8Incorporating climate change withinasset managementRalph Rayner Professor, Centre for the Analysis of Time Series, LondonSchool of Economics and Political ScienceA description of established techniques for deriving environmental criteria forthe management of assets is presented, followed by a review of the principalissues surrounding the practical application of uncertain knowledge of thefuture climate. A case study of the Thames Barrier provides an example ofbest practice.1 IntroductionPhysical assets such as buildings, oﬀshore structures and transportationsystems operate in a dynamic environment where they are exposed toshort, medium and long-term variability in ambient environmentalconditions. An important input to asset management is an adequateunderstanding of this variability. This typically includes the estimationof environmental conditions that can be expected over the life of anasset (e.g. an oﬀshore structure) or a system of assets (e.g. a transportation system). Engineers and asset managers employ these environmentalcriteria as the basis for understanding the impact of the environment onproposed or existing physical assets. Criteria may be derived on an assetspeciﬁc basis or through the application of predetermined codes.Environmental criteria are used as inputs to the design and constructionof an asset, to the planning of operations and to gain an understandingof through-life maintenance requirements.Environmental criteria usually take the form of a statistical view ofthe variability of conditions within which the asset must operate: forexample, wind speed variability to determine the wind loading on abuilding, wave height variability to determine the loading on an oﬀshorestructure, or air temperature variability as an input to the design ofrailways or roads.For operational planning, daily, weekly, monthly or seasonal variability of an environmental parameter which has an impact is oftenrequired: for example, the likely exceedance of a threshold limitingcondition for the operation of a port or airport. To understandthrough-life maintenance costs, an understanding of the relationshipAsset management – Whole-life management of physical assets978-0-7277-3653-6# Thomas Telford 2010All rights reserved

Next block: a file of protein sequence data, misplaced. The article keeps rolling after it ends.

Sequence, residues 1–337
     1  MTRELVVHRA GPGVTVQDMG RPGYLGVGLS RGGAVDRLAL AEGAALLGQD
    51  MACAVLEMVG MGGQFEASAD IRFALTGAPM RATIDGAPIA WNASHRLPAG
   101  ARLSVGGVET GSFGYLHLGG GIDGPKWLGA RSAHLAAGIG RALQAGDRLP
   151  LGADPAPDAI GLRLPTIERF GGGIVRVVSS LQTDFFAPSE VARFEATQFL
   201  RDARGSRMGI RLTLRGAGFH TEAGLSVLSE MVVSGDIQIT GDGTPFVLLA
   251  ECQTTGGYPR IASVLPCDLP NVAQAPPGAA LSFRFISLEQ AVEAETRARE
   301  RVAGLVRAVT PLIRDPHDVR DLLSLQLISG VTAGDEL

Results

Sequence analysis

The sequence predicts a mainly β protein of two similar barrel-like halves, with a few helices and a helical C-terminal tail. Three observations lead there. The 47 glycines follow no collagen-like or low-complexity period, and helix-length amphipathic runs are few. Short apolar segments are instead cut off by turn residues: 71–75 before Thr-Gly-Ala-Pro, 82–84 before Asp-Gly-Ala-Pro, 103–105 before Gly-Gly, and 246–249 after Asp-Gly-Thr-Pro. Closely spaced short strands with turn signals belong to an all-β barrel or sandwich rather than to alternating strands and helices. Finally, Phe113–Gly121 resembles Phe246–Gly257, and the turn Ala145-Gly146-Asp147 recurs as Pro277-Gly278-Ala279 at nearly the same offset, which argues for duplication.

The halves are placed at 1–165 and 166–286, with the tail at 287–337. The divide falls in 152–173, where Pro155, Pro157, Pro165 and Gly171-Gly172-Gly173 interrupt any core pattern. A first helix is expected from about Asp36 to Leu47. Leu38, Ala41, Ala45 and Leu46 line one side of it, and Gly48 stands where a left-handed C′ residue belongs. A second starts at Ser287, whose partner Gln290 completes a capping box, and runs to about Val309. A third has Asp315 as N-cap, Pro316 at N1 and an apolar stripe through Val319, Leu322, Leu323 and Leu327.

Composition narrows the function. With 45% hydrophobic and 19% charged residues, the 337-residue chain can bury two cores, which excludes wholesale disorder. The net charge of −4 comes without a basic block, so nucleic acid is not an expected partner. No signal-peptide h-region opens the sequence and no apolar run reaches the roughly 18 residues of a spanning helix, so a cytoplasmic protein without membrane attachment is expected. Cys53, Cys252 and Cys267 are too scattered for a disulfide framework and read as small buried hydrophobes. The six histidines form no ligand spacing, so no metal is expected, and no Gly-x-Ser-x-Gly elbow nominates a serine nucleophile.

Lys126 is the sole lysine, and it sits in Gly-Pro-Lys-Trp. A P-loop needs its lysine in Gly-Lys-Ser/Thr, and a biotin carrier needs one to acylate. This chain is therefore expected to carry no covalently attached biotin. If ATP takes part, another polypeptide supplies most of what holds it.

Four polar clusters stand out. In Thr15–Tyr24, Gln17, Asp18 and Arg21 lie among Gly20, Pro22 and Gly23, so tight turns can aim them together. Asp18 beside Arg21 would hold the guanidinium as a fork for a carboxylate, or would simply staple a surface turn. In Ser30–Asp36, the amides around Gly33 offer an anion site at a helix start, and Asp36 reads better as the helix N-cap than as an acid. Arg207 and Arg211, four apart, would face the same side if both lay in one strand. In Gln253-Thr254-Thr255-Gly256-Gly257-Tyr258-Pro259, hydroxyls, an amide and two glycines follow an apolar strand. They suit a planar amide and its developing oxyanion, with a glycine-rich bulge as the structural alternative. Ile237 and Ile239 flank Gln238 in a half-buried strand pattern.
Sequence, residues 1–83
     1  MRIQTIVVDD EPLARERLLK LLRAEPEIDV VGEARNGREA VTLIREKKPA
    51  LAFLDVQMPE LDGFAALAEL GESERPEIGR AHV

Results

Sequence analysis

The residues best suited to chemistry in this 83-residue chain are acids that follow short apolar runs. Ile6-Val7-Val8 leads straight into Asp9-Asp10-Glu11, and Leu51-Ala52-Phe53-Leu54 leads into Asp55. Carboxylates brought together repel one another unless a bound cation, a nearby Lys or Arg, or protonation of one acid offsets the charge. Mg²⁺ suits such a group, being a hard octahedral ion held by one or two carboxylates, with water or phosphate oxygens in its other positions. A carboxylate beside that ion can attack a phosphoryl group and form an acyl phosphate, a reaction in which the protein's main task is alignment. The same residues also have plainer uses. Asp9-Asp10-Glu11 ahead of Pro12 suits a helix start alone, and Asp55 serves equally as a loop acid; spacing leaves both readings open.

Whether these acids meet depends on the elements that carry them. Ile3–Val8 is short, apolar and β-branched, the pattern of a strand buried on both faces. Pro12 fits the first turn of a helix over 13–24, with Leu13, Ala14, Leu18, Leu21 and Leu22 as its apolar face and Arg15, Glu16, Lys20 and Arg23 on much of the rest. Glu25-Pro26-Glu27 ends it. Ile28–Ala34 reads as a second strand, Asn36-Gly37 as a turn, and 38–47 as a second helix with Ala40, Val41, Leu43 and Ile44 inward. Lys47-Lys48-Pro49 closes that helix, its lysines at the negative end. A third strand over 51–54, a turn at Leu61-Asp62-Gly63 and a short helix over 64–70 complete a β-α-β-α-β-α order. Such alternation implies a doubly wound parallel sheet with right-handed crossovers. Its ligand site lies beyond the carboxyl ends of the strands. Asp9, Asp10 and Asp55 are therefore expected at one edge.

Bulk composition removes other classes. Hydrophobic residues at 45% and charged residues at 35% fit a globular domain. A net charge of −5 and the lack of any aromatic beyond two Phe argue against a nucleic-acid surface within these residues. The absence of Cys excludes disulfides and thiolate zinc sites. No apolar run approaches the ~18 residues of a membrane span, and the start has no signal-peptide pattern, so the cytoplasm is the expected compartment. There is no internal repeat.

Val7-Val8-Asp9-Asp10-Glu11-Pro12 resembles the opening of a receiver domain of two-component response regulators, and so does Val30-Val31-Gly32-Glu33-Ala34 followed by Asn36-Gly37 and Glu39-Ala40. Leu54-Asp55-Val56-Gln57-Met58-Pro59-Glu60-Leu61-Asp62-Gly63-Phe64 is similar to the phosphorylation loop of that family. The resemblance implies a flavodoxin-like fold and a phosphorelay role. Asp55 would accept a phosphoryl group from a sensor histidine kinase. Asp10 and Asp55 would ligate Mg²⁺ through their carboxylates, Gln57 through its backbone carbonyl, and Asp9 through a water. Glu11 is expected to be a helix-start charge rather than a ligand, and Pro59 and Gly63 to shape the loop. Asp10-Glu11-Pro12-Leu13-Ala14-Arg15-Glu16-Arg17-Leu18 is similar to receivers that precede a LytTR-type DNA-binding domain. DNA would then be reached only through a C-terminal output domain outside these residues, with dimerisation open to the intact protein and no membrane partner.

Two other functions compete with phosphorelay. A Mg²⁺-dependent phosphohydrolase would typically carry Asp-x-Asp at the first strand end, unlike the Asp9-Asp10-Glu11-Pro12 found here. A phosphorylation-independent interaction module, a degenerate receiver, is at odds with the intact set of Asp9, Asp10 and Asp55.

162Asset management – Whole-life management of physical assetsbetween environmental factors and the deterioration of the asset isneeded, such as the impact of continuous wave loading on thedeterioration of key structural components of an oﬀshore structure.A critical input to design is an analysis of the most extreme environmental conditions that an asset must be designed to withstand: forexample, the maximum wind speed that a building must withstand orthe extremes of air temperature under which a road or railway must beable to operate. Design codes and asset-speciﬁc design studies typicallyprovide an estimation of the magnitude of the most extreme event thatmight be expected to occur at least once in a speciﬁed return period.The selection of return periods is based on the expected life of theasset and the economic, safety and environmental risks associated withdamage or structural failure. The selection of diﬀerent return periodspermits trade-oﬀs between economic, safety and environmental impactsand the costs of construction to be taken into account. For example,oﬀshore oil and gas production facilities have typically been designedfor a 100 year return period, and coastal nuclear power stations for areturn period of 10 000 years or more. Steven Male talks more aboutthe importance of climate change in long-life asset management inChapter 3, ‘The challenges facing public sector asset management’.2 Use of time historiesThe fundamental basis for meeting the environmental information needsof asset management is the analysis of time histories of environmentalvariables. Time histories can be derived in a number of ways. Theymay be calculated (e.g. astronomical tidal elevation) or measureddirectly (e.g. location-speciﬁc measurements of wind speed and direction). Empirical formulae are frequently employed to compute thevalue of a variable at a location which diﬀers from where it was observed;for example, wind speeds measured at one elevation are often convertedto values at a diﬀerent elevation based on empirical factors derived fromexperiment. For spatial interpolation, numerical modelling techniquesare frequently employed. Numerical modelling also provides a basisfor deriving time histories of one variable from knowledge of another;for example, ocean wave characteristics derived from surface windsbased on the knowledge of the physics of wave generation. Manydiﬀerent types of model are widely used to describe data and processes.For determining extremes, the length of available time histories isalmost always signiﬁcantly less than the design return period, soprobabilistic techniques are used to extrapolate to longer periods.